Before that occurs, one way to limit cryptocurrency mining’s environmental impacts is through public-private partnerships that create crypto asset blockchains with more energy-efficient features, including encouraging proof-of-stake as a consensus mechanism compared with proof-of-work systems.
Proof-of-work crypto mining consumes enormous amounts of energy – far beyond that needed by entire nations like Argentina or Austria – leading to vast quantities of carbon emissions, generating enormous waste products as a result.
Cryptocurrency mining’s emissions are also having a profound effect on local water ecosystems. Power plants that supply electricity to cryptocurrency miners often draw upon nearby lakes and rivers for cooling purposes, leaving behind warmed waters which negatively impact fish populations and water quality – creating ripple effects across surrounding ecosystems, including illnesses that threaten human health.
Computing power needed to complete proof of work transactions creates immense amounts of e-waste that must be frequently replaced with newer, more efficient technology – this process may last 1.5 years, creating a steady stream of waste material headed for landfills. Furthermore, mining operations employ equipment that only serves one purpose and must be discarded once no longer effective; adding further to Bitcoin’s waste output.
Energy use and carbon emissions associated with blockchain-based cryptocurrencies is drawing the ire of regulators and environmental groups, who view it as an issue that must be resolved quickly. Some nations have begun taxing cryptocurrency investments while others have implemented regulations and guidelines to ensure cryptocurrency mining takes place in an eco-friendly fashion.
There are also high-tech solutions that could significantly decrease the mining industry’s environmental footprint, such as building more energy-efficient cryptocurrency mining hardware; using renewable energy sources as power supplies; and shifting how bitcoin mining works altogether.
Environmental and community groups across New York State are petitioning Governor Hochul to place a moratorium on proof-of-work crypto mining, and require the Department of Environmental Conservation to conduct an in-depth Generic Environmental Impact Statement regarding this emerging industry. They further urge him to deny Greenidge Generation LLC a Title V Air Permit which regulates major sources of pollution such as greenhouse gases from its former fossil fuel plant converted cryptocurrency mining facility located in Tonawanda.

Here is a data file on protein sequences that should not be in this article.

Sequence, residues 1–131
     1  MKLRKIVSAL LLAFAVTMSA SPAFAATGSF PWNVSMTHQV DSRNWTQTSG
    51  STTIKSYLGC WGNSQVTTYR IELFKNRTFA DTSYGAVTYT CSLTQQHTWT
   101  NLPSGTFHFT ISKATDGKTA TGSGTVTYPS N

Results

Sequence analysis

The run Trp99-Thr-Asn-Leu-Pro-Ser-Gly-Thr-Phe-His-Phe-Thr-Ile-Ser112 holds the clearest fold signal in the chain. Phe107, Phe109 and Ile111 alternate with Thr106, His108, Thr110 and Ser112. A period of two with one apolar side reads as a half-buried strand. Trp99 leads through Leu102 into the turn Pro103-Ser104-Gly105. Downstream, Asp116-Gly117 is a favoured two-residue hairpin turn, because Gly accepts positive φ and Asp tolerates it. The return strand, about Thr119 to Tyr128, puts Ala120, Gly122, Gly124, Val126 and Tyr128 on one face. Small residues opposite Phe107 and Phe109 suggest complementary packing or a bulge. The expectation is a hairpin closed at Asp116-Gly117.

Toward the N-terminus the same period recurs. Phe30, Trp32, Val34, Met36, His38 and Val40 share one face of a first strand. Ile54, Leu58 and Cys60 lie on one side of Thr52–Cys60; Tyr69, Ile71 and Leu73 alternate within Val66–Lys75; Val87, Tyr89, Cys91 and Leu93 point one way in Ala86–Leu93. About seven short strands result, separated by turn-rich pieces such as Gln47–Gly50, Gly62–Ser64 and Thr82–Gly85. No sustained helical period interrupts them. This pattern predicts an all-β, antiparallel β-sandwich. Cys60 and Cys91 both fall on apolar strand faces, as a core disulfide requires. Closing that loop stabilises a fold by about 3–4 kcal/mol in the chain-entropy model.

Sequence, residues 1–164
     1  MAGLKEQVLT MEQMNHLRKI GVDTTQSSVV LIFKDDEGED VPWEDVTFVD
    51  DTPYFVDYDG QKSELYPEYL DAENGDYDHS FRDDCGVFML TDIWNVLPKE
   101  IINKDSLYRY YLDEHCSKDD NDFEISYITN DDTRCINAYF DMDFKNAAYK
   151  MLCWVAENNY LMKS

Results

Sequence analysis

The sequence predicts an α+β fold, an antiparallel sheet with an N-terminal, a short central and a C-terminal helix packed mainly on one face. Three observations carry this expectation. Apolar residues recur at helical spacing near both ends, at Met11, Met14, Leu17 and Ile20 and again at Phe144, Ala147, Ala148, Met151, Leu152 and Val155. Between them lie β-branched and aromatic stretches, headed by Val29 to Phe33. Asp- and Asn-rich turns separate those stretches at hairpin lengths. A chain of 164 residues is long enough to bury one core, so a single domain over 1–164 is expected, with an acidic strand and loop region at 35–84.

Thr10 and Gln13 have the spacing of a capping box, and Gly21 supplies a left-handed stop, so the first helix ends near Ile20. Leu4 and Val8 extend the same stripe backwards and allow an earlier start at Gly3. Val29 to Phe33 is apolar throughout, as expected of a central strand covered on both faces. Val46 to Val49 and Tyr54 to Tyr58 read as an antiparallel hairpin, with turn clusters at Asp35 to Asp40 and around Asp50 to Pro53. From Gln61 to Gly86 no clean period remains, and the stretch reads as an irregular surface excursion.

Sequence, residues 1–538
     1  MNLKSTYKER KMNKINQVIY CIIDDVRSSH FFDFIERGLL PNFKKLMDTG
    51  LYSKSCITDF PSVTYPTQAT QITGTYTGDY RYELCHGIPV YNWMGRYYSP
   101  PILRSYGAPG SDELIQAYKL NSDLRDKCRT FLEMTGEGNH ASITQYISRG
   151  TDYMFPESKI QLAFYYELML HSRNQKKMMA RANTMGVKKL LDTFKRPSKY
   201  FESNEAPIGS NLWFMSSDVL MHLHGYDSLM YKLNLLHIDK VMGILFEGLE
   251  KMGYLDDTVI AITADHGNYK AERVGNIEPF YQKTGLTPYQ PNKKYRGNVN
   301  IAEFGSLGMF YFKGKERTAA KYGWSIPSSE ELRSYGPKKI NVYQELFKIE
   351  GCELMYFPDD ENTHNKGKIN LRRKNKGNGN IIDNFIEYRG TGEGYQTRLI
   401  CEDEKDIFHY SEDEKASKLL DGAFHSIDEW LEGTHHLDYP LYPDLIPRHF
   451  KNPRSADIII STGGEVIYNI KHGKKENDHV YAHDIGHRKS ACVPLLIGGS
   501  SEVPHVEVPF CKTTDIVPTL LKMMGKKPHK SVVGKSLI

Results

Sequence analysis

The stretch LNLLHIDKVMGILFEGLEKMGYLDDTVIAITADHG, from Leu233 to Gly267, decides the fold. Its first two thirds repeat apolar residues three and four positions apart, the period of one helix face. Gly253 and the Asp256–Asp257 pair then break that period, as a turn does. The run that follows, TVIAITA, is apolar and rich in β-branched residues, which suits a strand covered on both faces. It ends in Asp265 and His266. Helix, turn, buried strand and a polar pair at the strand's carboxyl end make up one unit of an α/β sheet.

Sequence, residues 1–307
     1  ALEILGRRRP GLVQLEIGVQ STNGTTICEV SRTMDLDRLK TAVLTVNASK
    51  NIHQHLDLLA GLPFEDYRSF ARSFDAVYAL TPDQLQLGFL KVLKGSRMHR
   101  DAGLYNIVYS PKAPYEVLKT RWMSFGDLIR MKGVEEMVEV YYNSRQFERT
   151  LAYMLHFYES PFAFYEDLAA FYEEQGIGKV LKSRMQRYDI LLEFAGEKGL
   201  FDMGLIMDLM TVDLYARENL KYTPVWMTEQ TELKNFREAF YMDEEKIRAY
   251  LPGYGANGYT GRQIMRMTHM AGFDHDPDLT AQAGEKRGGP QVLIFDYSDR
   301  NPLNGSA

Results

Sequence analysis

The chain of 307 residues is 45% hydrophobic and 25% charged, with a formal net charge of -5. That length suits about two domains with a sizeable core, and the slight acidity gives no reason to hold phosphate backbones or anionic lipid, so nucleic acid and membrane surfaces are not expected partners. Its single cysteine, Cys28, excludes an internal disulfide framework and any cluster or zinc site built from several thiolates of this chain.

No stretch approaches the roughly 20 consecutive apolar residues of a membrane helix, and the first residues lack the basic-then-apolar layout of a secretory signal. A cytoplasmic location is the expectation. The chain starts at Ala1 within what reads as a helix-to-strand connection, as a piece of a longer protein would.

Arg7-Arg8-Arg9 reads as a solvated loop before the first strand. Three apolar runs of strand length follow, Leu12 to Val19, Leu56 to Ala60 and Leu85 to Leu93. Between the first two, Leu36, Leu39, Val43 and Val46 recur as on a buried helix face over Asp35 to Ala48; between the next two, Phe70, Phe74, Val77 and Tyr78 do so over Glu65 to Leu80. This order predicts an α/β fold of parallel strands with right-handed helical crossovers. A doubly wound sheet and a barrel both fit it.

Cryptocurrency mining has an enormous environmental footprint. According to one estimate, cryptocurrency contributes almost as much greenhouse gas emissions globally as beef or crude oil production – and as fossil-powered power plants convert to mining facilities in the US, its environmental footprint continues to expand exponentially.
Researchers found that Bitcoin’s energy-intensive production process – which requires powerful computers to solve intricate puzzles – produces emissions and toxic chemicals which pollute local air, increasing carbon emissions and creating local pollution issues. “With cryptocurrency increasing in prominence there is an inherent risk that it will become one of the major sources of pollution” said one of the researchers.
According to a new report, one bitcoin generates about 113 tons of CO2e emissions annually – roughly equivalent to those produced by Greece or the Netherlands in a year. Furthermore, its mining effort generates significant amounts of electronic waste.
Bitcoin is a “proof-of-work” cryptocurrency, meaning that its transactions rely on competitive “mining.” Miners compete to solve complex mathematical puzzles that create new Bitcoins based on existing ones’ value; to prevent too many coins being produced quickly and lowering their value too rapidly, an algorithm increases difficulty of these puzzles, necessitating more computing power for solving. This drives electricity use, carbon emissions and e-waste production.
The study’s authors assert that, although energy conservation and renewables might help, they’re unlikely to be enough. That’s due to Bitcoin’s proof-of-work system being difficult or impossible to change without jeopardizing its integrity; and even switching over to proof-of-stake would require an extraordinary engineering feat.
Community groups, labor unions and environmental organizations are asking Governor Hochul to institute a moratorium on new cryptocurrency mining operations within New York state and perform an in-depth statewide Generic Environmental Impact Statement regarding this growing source of pollution. Furthermore, these groups want the DEC to deny Greenidge Generation LLC’s Title V permit application – designed to regulate air pollution and cap major sources of emissions – so it can build its cryptocurrency mine at North Tonawanda facility.